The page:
A Forgotten Empire Vijayanagar| by Robert Sewell Preface|Chapter 1|Chapter 2|Chapter 3|Chapter 4|Chapter 5|Chapter 6|Chapter 7|Chapter 8|Chapter 9|Chapter 10|Chapter 11|Chapter 12|Chapter 13|Chapter 14|Chapter 15|Chapter 16|Chapter 17
Deva Raya I. (A.D. 1406 to 1419)
The amorous monarch, Deva Raya I. ~~ The farmer's beautiful daughter ~~ The king's escapade ~~ The city threatened ~~ A Hindu princess wedded to a Muhammadan prince ~~ Firuz Shah's anger ~~ Pertal's marriage ~~ King Vijaya ~~ Probable date of accession of Deva Raya II.
Firishtah tells us of an event that must have taken place towards the end of the year A.D. 1406, in which the principal actor was the king of Vijayanagar. This king I believe to have been Bukka II.'s successor, his younger brother, Deva Raya I. The story relates to a mad adventure of the Raya which he undertook in order to secure for himself the person of a beautiful girl, the daughter of a farmer in Mudkal. His desire to possess her attained such a pitch, that he made an expedition into the debatable land north of the Tungabhadra for the sole purpose of capturing the girl and adding her to his harem. I have already shown reasons for supposing that Bukka II. was a middle-aged man at his accession, and it is not unreasonable to suppose that this hot-blooded monarch was his younger brother, who began to reign in November 1406 A.D. His escapade must be narrated in full as told by Firishtah, since it led to very important consequences.
"There resided in the town of Mudkul a farmer, who was blessed with a daughter of such exquisite beauty, that the Creator seemed to have united all his powers in making her perfect."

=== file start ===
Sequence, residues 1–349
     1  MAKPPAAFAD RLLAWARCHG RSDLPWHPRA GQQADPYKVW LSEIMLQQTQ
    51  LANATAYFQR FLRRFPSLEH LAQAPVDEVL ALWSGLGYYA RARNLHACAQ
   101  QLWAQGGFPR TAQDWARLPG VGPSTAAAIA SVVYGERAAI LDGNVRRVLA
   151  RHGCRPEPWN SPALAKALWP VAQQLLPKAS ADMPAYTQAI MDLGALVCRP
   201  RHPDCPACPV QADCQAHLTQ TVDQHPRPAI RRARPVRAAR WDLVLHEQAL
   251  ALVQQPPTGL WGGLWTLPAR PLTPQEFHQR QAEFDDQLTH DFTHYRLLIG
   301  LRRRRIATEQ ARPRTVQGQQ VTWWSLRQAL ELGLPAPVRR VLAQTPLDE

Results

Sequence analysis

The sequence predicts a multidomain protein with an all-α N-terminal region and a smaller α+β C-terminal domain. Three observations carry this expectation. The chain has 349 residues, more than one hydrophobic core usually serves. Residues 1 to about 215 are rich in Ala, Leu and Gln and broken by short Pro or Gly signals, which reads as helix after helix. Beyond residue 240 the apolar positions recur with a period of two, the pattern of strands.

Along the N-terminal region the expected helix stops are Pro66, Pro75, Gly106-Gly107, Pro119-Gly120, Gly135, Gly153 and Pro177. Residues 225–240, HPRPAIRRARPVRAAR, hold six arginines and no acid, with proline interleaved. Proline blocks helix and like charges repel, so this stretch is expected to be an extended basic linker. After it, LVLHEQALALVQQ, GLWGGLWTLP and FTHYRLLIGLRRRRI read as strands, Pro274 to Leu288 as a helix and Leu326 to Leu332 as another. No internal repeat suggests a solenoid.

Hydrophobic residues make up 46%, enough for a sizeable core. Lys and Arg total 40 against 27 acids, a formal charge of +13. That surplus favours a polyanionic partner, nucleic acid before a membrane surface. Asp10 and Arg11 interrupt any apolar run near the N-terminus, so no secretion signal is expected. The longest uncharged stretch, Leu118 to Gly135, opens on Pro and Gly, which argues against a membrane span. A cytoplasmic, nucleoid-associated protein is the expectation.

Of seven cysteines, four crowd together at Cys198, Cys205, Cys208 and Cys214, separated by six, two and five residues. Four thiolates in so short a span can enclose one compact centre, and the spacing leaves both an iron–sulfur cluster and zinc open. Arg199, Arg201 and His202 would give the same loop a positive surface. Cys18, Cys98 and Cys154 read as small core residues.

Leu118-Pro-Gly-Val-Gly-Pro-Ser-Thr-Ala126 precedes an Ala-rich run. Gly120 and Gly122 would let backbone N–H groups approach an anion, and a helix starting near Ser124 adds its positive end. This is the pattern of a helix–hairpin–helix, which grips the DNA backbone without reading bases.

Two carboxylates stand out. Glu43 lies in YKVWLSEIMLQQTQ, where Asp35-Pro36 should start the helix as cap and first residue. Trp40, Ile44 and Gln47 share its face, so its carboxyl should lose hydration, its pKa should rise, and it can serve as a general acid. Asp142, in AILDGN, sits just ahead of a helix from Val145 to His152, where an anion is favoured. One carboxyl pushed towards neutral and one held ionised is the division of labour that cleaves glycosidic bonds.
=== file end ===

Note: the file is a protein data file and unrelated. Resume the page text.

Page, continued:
This attractive person was educated by an old Brahman, whose admiration of her led him to think that she would prove a desirable member of the Raya's household.
"He proceeded to Beejanuggur and being introduced to the roy, spoke in such praise of the beauty and accomplishments of the young maid, that he was fired with the desire of possessing her, and entreated the bramin to procure her for him of her parents in marriage. This request was what the bramin earnestly wished, and he immediately agreed to satisfy him; upon which the roy despatched him with rich gifts and great promises of favours to the parents, and the title of ranee, or princess, for their beautiful daughter. The bramin lost no time in his journey, and, upon his arrival at the farmer's house, delivered to him and his wife the roy's orders, that they should repair to Beejanuggur with their daughter. The parents were overjoyed at such unexpected good fortune, and calling for the young maid, laid before her the rich gifts of the roy, congratulated her on being soon to be united to a great prince, and attempted to throw upon her neck a golden collar set with jewels, as a token of immediate espousals, and which, if done, could not have been broken off.